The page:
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Lecture 32

GEOG 3RW3 Lecture 32: Geography 3RW3 - Lecture 32 - Bangladesh: Part 2

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McMaster University
Segei Basik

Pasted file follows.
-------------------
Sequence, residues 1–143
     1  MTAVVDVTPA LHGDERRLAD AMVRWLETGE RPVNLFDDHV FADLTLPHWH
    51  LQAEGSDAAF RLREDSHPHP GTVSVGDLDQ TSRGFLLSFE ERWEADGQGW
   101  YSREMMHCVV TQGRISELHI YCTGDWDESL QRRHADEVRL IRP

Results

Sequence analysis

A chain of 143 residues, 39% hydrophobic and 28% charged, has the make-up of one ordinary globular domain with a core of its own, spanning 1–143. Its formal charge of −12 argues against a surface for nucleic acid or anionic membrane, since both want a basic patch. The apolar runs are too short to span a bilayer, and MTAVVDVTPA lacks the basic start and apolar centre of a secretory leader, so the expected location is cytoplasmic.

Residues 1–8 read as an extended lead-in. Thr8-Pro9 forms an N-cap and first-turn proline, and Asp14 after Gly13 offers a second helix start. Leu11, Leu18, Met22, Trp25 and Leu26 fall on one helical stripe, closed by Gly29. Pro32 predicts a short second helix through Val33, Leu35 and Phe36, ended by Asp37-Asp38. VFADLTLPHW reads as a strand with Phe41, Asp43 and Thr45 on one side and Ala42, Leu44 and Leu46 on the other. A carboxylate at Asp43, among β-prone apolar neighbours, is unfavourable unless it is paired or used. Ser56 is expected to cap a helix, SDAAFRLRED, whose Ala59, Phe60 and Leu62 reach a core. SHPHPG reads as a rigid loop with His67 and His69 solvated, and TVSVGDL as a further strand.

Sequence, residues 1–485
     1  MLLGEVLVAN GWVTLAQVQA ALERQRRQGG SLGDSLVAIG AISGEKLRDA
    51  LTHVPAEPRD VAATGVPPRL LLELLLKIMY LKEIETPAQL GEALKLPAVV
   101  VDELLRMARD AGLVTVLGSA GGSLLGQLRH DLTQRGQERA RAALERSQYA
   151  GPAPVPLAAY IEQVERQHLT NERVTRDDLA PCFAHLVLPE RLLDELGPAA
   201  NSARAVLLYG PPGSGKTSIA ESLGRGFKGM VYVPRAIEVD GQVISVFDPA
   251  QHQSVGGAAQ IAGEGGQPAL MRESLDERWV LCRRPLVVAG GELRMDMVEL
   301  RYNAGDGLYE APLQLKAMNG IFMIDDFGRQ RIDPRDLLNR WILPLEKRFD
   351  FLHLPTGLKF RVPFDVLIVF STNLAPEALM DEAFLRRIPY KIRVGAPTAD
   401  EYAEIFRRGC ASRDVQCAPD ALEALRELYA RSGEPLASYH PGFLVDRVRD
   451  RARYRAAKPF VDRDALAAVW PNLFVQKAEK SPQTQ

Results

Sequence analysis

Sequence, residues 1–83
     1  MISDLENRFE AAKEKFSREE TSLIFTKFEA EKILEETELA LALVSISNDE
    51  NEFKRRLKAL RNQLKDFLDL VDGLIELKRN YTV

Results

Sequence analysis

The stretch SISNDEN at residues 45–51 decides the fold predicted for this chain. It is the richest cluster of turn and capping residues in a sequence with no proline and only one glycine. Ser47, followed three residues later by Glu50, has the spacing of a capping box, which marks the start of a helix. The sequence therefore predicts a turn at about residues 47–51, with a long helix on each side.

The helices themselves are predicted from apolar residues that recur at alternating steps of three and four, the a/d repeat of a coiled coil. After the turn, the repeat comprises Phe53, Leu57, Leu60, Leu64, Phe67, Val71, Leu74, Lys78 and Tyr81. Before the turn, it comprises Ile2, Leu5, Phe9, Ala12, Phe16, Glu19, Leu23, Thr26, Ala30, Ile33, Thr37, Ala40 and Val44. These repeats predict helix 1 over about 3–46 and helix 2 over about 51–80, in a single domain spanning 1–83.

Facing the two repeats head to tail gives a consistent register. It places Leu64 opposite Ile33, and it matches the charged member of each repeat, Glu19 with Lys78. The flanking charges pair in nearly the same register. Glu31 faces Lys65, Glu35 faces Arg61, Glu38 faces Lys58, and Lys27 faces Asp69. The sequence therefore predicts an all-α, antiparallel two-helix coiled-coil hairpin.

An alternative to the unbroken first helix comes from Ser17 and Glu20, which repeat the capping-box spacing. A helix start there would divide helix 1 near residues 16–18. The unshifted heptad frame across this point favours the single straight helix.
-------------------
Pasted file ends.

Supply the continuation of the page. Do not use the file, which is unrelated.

Geography 3RW3 – Dr. Basik – Page 1 Lecture 32 – Tuesday March 24 Bangladesh: Part 2 Introduction • Textiles • Horrible working conditions • Bad system in general – problems in this country • The people with big money are the problem Natural Hazards and Population at Risk • Bangladesh is one of the most densely populated countries in the world • Bangladesh is exposed to threat of hazards resulting from a number of natural disasters and remains classified as one the most vulnerable countries • Majority of the country is affected by cyclones, drought, floods, tornadoes, river bank erosion, landslides • An average more than 7.6 million people a year have been affected by natural disasters in Bangladesh over the last 10 years • Flooding has had the largest impact, affecting more than 60 million people between 2004 and 2013 • Bangladesh ranks 1 in the world in the context of human exposure in flood hazard zones: • About 75% of country is less than 10m above sea level and 80% is a flood plain • The flood damage potential causes: • Climate change • Urban concentration in the three river basins • Encroaching of settlements into flood prone areas • Overreliance on the safety provided by flood control works (levees, reservoirs) • There are two types of floods which occur in Bangladesh: • Annual floods (barsha) that inundate up to 20% of the land area • Low frequency floods of high magnitude that inundate more than 35% of the area (bonna) Economic Growth • GDP growth has comfortably exceeded population growth resulting in a healthy increase in per capita GDP • Over the two decades 1980-2000, Bangladesh’s GDP increased four times over whereas population increased by about 45% • The more recent period suggests that GDP has increased at an average rate of about 6% annually • The economy of Bangladesh is led by export-oriented industrialization • Country has now emerged as an important manufacturing base for textile products, pharmaceuticals, finished leathers, light and medium industries, shipbuilding • The country’s clothing industry has 5,000 factories (compared with 2,500 in Indonesia; 2,000 in Vietnam) Geography 3RW3 – Dr. Basik – Page 2 • Labour costs less than any of its Asian rivals’ (minimum wage – USD 68, December 2013) • Bangladesh’s clothing industry is forecast to quadruple in size over the next 20 years • It already employs more than 4 million, mostly women • Unless productivity rises sharply, millions more women will be drawn from their homes into the workplace – a drastic change in a conservative society • Image: The Rana Plaza clothing factory near Dhaka collapsed in 2013. At least 1100 people were killed. The western clothing companies came under pressure to improve safety and working conditions in the workshop they buy from. • Globalization and modern economy Remittances and Official Development Assistance • About 8.6 million Bangladeshi workers currently working abroad (91% – blue collar workers; India, Persian Gulf, South-East Asia) • Remittances account fth more than 75% of overall financial inflows to Bangladesh • Bangladesh is the 7 largest recipient of remittanc
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